There are currently 5090 families living in transitional housing as they wait for a permanent spot to come up. Justin Latif spoke to one of them.
Catching delta at the beginning of last year’s outbreak was tough for George* and his family.
The family of eight had to move into MIQ and tough out a month of isolation as they recovered from debilitating symptoms, made worse given they weren’t yet fully vaccinated when the virus hit.
But George says the stress of that time was really only the beginning of a six month period of incredible disruption that almost made them homeless, as well as feeling hopeless about ever finding a permanent home.
Shortly after coming out of MIQ, they were offered a transitional home as their existing state house wasn’t considered suitable for their recovery process. “Our house in Ōtara couldn’t really fit us,” says George. “It was really old, rundown, mouldy, and for about three months before we moved out, the toilet pipes were leaking into the backyard, so we couldn’t really go outside.”
They accepted the new housing offer and moved out just a week later. The new four-bedroom home was much more spacious, virtually brand-new and closer to work and parks.
But this decision soon proved to be the cause of major regret for George.
A staff member from a social service agency supporting families coming out of MIQ told George and his family they could be first in line to get this brand new transitional house as their permanent home.
Hearing this, George decided to tell Kāinga Ora they no longer needed their old home, not realising it wasn’t confirmed they would secure this new house.
And unfortunately, three months after moving in, they were told it was needed for another family and they would need to move on.
Thankfully, they were able to secure another place in January through a community housing provider, but this time it was made clear it was to be only temporary and they would need to find a private rental. George says despite their housing situation being thrown into disarray, they have made every effort to secure a place.
“Since we’ve been here, we’ve been applying for about four to five a month. But we always get the door shut on us, and the answer is always the same: ‘we’re not going to be able to fit you guys’.”
George says it’s incredibly frustrating knowing they could still have a permanent home if they had just stayed with their Kāinga Ora house in Ōtara, leaky pipes and all.
“It’s just so stressful,” he says. “Before our last viewing, a young couple with a smaller family came out and then we came along with our six kids, and they’re like, ‘we’ll let you know’. But you already know what the answer will be.”
George has been the manager at his current workplace for the last four years, and despite being prepared to pay up to $900 a week in rent, landlords are not keen to take on such a large family. And George, who grew up and works in Māngere, is also frustrated that despite Kāinga Ora’s promise to build 10,000 affordable houses in his area, he probably won’t ever be able to access them.
“I’ve heard about it, but when you look at the prices, it’s not affordable when you consider living costs and what most people in Māngere earn. Five hundred to $600K is probably our limit and you can’t expect us to pay $900K, when there are hardly any jobs around here that pay at an amount that could help us afford that.”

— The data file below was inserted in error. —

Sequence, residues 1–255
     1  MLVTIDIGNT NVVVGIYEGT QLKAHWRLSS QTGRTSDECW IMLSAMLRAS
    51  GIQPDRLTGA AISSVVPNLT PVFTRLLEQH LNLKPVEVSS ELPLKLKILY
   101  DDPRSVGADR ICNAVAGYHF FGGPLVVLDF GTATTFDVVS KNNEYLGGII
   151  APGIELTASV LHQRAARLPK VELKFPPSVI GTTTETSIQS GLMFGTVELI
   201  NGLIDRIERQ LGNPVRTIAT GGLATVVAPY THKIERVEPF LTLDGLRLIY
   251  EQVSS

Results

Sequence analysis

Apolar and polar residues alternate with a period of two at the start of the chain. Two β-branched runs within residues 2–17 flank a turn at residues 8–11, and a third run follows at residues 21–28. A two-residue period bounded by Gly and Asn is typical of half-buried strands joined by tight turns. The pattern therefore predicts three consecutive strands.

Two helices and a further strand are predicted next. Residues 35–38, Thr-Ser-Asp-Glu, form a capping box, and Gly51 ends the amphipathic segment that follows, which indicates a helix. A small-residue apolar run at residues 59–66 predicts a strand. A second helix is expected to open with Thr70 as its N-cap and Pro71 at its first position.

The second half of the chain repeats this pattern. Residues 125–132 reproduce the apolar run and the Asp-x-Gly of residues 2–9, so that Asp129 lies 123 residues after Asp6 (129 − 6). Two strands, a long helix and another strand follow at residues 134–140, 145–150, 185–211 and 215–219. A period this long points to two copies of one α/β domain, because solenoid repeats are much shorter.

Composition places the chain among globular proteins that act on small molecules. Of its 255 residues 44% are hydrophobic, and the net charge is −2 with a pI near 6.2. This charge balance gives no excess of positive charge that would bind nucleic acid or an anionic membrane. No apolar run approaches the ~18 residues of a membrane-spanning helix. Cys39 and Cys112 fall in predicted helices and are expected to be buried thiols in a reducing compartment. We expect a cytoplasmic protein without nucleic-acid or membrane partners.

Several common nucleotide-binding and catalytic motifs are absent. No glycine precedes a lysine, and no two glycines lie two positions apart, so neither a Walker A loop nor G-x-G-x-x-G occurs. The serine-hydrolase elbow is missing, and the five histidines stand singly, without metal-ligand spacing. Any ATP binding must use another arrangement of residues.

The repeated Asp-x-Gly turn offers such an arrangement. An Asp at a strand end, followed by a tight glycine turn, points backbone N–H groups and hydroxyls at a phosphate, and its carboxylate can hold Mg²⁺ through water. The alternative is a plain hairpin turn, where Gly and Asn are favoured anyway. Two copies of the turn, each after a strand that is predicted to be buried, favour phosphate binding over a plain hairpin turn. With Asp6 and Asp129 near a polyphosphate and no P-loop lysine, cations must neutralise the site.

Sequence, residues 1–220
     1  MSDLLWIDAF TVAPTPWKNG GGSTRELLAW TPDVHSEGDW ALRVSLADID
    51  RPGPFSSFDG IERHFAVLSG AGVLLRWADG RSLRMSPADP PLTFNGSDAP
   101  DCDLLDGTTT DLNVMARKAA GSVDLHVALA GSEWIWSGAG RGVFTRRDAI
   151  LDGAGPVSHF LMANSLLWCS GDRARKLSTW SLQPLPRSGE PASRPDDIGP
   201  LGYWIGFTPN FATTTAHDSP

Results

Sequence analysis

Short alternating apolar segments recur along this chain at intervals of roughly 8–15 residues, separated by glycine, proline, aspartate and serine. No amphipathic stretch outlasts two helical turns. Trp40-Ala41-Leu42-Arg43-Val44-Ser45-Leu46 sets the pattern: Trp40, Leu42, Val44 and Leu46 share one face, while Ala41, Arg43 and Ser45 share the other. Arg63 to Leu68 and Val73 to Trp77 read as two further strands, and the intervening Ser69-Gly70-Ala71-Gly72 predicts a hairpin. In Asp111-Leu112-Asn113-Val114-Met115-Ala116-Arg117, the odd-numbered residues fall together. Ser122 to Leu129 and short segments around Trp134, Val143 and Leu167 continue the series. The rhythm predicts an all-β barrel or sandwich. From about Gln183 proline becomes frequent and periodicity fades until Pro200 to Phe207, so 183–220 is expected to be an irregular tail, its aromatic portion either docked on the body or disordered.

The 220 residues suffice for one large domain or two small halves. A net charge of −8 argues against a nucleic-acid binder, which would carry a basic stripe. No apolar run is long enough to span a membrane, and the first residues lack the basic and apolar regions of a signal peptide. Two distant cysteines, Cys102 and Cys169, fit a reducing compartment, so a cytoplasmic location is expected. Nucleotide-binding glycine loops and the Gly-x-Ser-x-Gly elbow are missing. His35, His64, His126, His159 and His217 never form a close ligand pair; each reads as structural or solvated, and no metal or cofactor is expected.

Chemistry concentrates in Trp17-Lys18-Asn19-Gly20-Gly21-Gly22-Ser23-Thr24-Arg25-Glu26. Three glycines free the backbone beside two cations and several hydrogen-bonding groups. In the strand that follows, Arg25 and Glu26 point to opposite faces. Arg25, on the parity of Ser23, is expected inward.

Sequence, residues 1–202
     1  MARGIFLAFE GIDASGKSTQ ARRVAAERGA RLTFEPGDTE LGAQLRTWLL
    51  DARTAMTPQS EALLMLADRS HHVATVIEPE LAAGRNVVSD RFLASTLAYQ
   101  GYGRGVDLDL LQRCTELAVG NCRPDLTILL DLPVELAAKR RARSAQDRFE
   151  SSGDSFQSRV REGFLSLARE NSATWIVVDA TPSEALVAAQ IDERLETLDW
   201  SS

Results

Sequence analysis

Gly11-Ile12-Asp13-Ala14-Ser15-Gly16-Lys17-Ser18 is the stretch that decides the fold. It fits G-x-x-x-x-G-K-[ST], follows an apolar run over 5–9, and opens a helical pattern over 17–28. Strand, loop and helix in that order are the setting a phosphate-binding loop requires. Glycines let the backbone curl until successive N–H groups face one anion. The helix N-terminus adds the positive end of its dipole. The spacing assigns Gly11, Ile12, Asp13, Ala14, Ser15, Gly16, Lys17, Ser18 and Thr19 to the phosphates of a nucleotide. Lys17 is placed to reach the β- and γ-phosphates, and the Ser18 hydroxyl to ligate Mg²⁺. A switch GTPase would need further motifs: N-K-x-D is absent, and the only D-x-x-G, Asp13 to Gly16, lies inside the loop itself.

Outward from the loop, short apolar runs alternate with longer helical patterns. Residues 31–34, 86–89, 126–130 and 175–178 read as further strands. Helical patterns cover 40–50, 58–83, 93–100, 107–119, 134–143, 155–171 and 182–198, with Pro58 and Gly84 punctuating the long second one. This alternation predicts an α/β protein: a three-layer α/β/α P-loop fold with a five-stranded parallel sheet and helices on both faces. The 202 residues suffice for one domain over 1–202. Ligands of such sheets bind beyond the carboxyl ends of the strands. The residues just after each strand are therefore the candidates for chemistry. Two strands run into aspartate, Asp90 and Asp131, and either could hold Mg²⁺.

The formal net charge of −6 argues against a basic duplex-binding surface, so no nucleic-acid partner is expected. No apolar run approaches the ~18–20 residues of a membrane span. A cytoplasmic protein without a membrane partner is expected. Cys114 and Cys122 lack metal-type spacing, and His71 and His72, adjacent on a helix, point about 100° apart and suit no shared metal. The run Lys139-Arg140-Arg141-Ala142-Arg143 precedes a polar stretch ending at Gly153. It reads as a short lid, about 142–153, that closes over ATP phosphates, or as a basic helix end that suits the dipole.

Monte Cecilia Housing Trust is South Auckland’s largest community housing provider, supporting families with its 247 transitional homes, while another 400 families sit on their waiting list. Its chief executive Bernie Smith says his organisation doesn’t push anyone out of housing, but they do ask clients to try and find a private rental – given there are only limited numbers of state houses becoming available. “The reality is there’s nothing out there that’s affordable,” he says. “And for Māori and Pacific families in particular, they are discriminated against because of the size of their families, and sometimes it’s just because of the colour of their skin – and the landlords use the numbers as an excuse to justify not taking them.”
One of the unspoken challenges facing large families in transitional housing, but particularly those in motels, is that they often don’t have the food storage space to fit their needs.
“If you’re in a motel, you don’t even get a basic standalone fridge, and so families are being forced to only buy enough to eat within two to three days, which makes the cost of living so much higher for them.”
Smith says one solution would be for the government to reinstate its “redirect” policy, where subsidies are provided to private landlords to rent out properties for those on the social housing register.
“A lot of these families are not only working families, but they were in a market-rent property and they are now having to move out due to the cost of living going up.”
And his greatest concern is the generation of children growing up in such disruptive, unstable environments.
“Fifty percent of the children in our houses are under seven,” he says. “They are in their formative years and they are living in a situation which is temporary, so who knows if they’ll be able to reconnect with friends and a school when they finally get that permanent place – as we know how hard children find it to make those connections.”
For George it’s quite simple.
“I just want a place my kids can call home,” he says.
“I’ll move anywhere as I just want my kids to know that their father and mother did the best they could to get a roof over their head – a permanent roof, not one that’s changing every three months.”
*Not his real name.